In Louisiana, where the motion picture tax incentives are likely to be the subject of debate during fiscal legislative sessions in 2015 and 2017, officials continue to monitor developments elsewhere, according to State Sen. J.P. Morrell.
"We're all closely watching the implosion in North Carolina," he says. "The entire film industry abandoned North Carolina overnight. North Carolina is a graveyard."
Asked if California's new law is evidence that even the most highly developed motion picture infrastructure is no guarantee of an industry presence without a competitive incentive program, Morrell claims that it's too early to tell. He cites California's "oppressive" tax structure and "convoluted" process for obtaining credits as reasons for production to remain in Louisiana.
"I will be more worried if lots of films and [television] shows that are scheduled here, if they all flee back to California, that will be a key red flag for the legislature," he says. "Since California has passed that incentive program, we have seen no movement in our schedule of film productions."
Ever since Canadian cities lured film and television productions away from Hollywood in the 1990s, there's been competition to bring "runaway productions" to other cities and states. Despite the cachet and jobs of Hollywood coming to town, the primary beneficiary of the interstate competition for productions is, of course, the motion picture industry itself. In 2002, five states offered a cumulative $1 million in tax incentives for film and television; by 2010, 40 states offered nearly $1.4 billion.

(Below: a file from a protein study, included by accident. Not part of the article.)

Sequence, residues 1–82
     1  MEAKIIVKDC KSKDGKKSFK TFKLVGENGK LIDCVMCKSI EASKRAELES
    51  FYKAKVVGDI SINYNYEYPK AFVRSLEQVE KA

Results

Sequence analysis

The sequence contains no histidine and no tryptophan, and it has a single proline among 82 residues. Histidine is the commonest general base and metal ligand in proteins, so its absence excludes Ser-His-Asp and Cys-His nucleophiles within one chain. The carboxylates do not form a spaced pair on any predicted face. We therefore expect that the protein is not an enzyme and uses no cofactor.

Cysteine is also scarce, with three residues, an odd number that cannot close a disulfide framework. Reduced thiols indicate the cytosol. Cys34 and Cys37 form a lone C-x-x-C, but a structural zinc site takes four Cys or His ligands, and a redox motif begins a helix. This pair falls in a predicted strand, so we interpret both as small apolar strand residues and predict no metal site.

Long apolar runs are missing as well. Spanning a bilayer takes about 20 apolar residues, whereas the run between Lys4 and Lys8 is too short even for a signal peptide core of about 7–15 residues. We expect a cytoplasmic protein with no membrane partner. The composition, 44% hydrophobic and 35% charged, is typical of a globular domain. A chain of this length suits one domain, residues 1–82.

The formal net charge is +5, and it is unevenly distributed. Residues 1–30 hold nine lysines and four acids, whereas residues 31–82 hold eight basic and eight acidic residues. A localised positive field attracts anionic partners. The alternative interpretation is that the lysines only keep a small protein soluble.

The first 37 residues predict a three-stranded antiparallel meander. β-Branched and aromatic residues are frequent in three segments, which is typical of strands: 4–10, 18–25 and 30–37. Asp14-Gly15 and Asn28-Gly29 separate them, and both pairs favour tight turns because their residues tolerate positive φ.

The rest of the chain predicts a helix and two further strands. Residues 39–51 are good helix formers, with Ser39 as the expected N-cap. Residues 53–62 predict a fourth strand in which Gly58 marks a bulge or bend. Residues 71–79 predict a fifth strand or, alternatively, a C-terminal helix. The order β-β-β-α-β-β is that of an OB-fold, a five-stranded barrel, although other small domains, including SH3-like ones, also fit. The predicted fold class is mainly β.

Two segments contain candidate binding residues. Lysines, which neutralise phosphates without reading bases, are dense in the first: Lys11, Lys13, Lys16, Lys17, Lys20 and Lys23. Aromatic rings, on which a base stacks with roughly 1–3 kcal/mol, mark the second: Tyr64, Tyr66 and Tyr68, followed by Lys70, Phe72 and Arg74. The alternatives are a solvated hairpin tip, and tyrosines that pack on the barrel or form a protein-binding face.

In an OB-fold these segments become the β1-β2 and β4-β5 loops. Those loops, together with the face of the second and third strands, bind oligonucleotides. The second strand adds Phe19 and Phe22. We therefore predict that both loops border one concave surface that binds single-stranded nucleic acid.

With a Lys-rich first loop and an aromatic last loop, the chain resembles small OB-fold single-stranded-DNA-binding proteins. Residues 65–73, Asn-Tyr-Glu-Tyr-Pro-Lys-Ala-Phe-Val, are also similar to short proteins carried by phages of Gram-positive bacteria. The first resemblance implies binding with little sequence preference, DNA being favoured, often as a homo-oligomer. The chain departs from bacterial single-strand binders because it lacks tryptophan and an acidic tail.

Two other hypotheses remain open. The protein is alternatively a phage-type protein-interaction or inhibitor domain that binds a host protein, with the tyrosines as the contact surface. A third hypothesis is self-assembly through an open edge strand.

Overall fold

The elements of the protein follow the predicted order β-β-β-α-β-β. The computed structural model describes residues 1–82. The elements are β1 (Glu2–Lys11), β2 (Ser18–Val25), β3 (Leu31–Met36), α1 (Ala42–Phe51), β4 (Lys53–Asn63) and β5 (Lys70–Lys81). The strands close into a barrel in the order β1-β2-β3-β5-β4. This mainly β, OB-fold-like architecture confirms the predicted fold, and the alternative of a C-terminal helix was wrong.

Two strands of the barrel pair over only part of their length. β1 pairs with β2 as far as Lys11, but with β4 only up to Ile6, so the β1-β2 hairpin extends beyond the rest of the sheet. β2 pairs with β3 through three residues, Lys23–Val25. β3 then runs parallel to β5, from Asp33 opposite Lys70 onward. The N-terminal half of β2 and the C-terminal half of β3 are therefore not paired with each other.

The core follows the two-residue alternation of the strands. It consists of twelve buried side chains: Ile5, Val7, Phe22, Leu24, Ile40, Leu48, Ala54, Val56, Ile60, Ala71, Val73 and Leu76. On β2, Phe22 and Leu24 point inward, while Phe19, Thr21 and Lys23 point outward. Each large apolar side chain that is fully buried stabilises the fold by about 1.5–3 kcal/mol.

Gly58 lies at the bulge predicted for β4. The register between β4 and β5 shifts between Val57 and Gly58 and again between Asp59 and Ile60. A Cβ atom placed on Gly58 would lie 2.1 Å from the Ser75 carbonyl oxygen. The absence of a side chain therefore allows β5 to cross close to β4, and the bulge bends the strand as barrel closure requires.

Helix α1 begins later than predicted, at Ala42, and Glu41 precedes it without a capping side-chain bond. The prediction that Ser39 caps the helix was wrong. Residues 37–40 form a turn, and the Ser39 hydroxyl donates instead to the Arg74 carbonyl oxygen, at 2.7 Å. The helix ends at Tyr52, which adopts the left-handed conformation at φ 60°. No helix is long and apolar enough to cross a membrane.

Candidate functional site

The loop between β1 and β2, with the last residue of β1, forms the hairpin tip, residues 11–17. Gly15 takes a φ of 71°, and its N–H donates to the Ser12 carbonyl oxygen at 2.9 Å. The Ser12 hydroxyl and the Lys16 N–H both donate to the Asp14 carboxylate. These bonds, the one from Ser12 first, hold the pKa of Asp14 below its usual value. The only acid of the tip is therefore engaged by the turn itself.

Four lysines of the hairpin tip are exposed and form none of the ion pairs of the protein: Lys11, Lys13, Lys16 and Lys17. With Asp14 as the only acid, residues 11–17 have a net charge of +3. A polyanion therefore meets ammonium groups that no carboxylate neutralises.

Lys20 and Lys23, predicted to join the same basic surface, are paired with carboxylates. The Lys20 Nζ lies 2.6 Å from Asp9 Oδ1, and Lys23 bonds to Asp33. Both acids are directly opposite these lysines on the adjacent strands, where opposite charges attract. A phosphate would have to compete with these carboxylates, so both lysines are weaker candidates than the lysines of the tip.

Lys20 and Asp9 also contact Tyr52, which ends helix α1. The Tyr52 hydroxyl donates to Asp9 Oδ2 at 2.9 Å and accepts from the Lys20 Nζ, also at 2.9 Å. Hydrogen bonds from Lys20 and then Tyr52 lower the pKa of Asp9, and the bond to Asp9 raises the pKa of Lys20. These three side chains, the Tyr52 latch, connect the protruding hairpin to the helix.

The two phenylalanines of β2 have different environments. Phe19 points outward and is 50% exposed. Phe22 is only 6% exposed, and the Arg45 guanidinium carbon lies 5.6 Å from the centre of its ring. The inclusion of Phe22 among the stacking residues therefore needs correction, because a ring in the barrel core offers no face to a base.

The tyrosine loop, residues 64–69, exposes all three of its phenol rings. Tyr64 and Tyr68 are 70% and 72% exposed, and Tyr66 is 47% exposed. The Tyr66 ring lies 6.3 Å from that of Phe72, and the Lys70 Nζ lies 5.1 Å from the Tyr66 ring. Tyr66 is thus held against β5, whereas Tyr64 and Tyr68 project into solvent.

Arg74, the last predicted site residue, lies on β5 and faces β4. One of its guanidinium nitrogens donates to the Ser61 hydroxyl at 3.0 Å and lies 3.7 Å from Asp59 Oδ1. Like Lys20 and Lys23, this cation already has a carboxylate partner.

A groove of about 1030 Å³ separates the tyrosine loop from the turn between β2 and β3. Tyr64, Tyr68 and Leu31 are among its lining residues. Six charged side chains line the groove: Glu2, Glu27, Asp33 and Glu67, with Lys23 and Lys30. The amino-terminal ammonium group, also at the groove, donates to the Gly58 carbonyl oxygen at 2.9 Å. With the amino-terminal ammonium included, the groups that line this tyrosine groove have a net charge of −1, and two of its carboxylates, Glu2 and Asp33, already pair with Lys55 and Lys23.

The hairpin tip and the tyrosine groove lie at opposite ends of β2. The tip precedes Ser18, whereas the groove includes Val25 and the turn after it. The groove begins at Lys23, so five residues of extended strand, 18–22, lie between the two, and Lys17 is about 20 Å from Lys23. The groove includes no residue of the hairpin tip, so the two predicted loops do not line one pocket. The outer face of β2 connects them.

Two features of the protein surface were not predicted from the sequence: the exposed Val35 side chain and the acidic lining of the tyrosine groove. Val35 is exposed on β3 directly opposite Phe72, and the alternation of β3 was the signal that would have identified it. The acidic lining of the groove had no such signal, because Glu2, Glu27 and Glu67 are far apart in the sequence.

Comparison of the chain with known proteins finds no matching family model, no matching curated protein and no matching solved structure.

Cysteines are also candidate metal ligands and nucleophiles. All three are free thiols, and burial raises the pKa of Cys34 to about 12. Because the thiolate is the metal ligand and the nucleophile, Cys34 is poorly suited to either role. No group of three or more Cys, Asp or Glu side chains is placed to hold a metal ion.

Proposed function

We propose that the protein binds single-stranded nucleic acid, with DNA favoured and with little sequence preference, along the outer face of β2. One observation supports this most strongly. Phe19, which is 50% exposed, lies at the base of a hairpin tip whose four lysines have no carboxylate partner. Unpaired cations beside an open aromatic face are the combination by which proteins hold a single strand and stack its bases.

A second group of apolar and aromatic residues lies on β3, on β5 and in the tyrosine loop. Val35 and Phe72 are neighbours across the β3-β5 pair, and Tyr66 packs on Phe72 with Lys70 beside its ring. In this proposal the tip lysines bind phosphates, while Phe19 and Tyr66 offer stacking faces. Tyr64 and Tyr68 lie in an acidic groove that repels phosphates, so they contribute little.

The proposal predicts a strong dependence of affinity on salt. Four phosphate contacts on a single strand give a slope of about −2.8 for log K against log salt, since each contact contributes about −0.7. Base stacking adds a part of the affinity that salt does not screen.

Warning that business will dry up should states decide to end or limit such policies is common, and even the mention of changes is enough to rattle producers, according to Alsfeld.
"It hurts the industry and stops progress while the debate occurs, and that's unfortunate," he says. "They play into the hands of competitive states who love to see us flog our business. ... The minute you use that word, 'cut,' 'limit,' 'cap,' they go where there's a better incentive."
"We're all closely watching the implosion in North Carolina. The entire film industry abandoned North Carolina overnight. North Carolina is a graveyard." — State Sen. J.P. Morrell
Since Louisiana adopted its current tax incentive program in 2002, each new round of proposed changes has been accompanied by similar words of caution from industry advocates — and each time, the revised law has emerged more, not less, lucrative for Hollywood.